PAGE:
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Jean Galbraith (1906–1999)

by Meredith Fletcher

This article was published online in 2023

Jean Galbraith, by Edna Walling, 1950s-60s

Jean Galbraith, by Edna Walling, 1950s-60s

National Gallery of Victoria, PH10-1983

Jean Galbraith (1906–1999), writer, botanist, gardener, and conservationist, was born on 28 March 1906 at Tyers in Gippsland, Victoria, eldest child of Matthew Galbraith, dairy farmer, and his wife Amy, née Ladson. The Galbraiths were devout Christadelphians and Jean’s faith became the mainstay of her life. With her three younger brothers she grew up surrounded by extended family, exploring the nearby bush and developing a passion for wildflowers. A shy child who battled with asthma, eczema, and bronchitis, she attended Tyers State School until grade eight. From an early age she was an avid reader and nature writer, contributing to the Melbourne Leader’s children’s pages.

Galbraith’s botanical education began in 1922 when she attended the Field Naturalists’ Club of Victoria’s annual wildflower show, an extravaganza held in the Melbourne Town Hall. She met the noted botanist H. B. Williamson who offered to become her teacher, the lessons to be delivered via a correspondence characterised by the sharing of specimens, notes, and readings. Through the wildflower show Galbraith gained an entrée to a community of nature writers and botanists who mentored her, including figures such as Charles Barrett, Edith Coleman, Edward Pescott, and Donald Macdonald.

After meeting the editor of a new magazine, the Garden Lover (later the Australian Garden Lover), at the wildflower show in 1925, Galbraith was commissioned to write articles on growing Australian plants. She was nineteen when her first piece appeared under the pen name ‘Correa,’ her favourite local wildflower. Her garden writing soon evolved into nature writing and she used story and lyricism to evoke local flora in articles without illustrations. From the 1930s a strong conservation theme began permeating her work: in tandem with her own efforts to protect native plants, she wrote about the destruction of local landscapes. She also wrote articles on Australian flora for English and American gardening magazines.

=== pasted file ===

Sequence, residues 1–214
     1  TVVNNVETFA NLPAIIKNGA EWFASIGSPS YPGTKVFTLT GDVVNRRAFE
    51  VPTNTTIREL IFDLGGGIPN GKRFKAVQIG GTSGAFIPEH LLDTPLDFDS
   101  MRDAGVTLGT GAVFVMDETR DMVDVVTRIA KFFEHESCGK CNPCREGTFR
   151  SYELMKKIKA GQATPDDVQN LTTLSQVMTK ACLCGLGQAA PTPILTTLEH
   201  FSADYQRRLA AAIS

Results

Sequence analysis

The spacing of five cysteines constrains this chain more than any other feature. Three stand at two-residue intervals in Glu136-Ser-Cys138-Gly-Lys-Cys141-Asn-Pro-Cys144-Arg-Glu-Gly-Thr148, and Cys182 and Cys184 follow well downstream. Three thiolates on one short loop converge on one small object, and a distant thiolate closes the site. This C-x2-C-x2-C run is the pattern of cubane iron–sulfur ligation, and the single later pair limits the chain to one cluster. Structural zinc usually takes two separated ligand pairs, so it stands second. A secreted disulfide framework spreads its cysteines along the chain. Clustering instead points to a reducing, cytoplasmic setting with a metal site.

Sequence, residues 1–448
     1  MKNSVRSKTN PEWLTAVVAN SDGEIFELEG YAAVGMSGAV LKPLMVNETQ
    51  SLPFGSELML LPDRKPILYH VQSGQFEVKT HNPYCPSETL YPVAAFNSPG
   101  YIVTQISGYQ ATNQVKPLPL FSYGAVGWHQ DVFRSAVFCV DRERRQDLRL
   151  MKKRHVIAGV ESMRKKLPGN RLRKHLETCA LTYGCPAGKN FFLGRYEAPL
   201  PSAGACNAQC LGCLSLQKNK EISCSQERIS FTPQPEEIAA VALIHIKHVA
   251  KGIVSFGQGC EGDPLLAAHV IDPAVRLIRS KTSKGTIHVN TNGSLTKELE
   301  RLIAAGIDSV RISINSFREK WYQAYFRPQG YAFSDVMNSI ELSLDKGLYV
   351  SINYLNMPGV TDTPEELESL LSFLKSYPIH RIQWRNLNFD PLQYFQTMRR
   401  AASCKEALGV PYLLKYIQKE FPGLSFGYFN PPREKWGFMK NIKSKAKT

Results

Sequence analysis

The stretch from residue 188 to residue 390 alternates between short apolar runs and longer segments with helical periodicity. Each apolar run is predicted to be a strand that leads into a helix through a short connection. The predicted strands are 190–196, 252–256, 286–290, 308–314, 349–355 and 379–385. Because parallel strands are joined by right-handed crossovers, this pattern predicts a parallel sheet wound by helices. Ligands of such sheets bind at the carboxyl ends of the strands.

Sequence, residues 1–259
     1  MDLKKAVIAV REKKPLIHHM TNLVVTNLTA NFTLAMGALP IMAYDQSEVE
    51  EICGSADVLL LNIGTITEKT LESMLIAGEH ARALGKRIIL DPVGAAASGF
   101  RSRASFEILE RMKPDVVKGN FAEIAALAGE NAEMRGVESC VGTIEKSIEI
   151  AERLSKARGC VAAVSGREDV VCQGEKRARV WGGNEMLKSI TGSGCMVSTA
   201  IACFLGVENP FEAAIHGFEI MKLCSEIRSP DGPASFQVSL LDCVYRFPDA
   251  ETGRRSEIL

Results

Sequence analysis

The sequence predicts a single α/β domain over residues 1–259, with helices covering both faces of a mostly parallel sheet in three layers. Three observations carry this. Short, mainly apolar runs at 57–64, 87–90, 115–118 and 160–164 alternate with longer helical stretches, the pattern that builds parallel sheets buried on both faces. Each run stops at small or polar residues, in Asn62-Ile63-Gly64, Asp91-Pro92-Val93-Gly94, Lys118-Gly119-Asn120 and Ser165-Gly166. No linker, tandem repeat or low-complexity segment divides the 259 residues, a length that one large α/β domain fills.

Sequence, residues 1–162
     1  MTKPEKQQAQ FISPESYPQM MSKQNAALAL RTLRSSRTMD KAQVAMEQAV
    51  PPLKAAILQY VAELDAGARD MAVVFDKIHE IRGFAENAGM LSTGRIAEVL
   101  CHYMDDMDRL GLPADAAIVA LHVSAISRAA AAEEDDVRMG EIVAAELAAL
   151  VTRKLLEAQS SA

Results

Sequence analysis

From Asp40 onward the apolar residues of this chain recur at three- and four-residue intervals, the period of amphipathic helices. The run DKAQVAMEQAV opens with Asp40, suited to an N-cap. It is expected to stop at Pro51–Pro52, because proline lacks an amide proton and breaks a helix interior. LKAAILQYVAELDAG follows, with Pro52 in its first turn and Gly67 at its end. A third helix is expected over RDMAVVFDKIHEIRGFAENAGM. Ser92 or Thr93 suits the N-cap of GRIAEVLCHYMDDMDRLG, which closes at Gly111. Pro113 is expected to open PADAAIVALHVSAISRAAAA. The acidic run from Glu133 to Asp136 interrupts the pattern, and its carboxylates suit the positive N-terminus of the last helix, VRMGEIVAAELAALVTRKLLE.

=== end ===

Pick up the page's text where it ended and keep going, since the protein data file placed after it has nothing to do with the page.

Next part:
In the 1930s Galbraith began a series in the Australian Garden Lover called ‘Garden in a Valley,’ the story of how she and her parents created their garden. A selection of these articles was published as her first book, sharing the same title, in 1939. In its preface she wrote that the garden was ‘rarely … orderly’ but that she and her parents ‘love it as it is and learn much from it, and we think that perhaps others might love it and learn from it too’ (Galbraith 1985 [1939], 13).

Galbraith continued living at the family home, ‘Dunedin,’ after her parents’ deaths in the 1940s and well into her own old age, living simply and frugally with no television or car. Inspiration for her writing continued to be the changing landscapes around her. Though she never had any of her own, Galbraith had a natural affinity with children. She wrote nature stories for the School Paper in Victoria, the New South Wales School Magazine, and the Australian Broadcasting Commission’s ‘Kindergarten of the Air,’ notably her famous Grandma Honeypot stories. Many of her nature articles appeared in Walkabout and Wild Life and she contributed to the Victorian Naturalist. She wrote for the Australian Garden Lover for fifty years and also for new postwar gardening magazines.